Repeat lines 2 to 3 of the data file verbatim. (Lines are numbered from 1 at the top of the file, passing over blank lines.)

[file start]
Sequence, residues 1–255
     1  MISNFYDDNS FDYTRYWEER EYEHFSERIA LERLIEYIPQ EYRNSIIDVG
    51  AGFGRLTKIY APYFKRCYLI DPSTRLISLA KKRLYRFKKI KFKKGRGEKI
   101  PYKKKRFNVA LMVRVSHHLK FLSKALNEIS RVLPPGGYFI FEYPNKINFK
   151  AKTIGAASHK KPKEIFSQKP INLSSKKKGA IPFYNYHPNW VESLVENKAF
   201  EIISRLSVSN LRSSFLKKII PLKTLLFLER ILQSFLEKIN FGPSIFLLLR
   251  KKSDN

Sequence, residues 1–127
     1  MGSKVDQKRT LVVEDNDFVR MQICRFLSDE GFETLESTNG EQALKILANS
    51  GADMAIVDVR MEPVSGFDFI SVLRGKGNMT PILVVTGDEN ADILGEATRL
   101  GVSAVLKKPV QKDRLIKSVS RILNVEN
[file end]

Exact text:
     1  MISNFYDDNS FDYTRYWEER EYEHFSERIA LERLIEYIPQ EYRNSIIDVG
    51  AGFGRLTKIY APYFKRCYLI DPSTRLISLA KKRLYRFKKI KFKKGRGEKI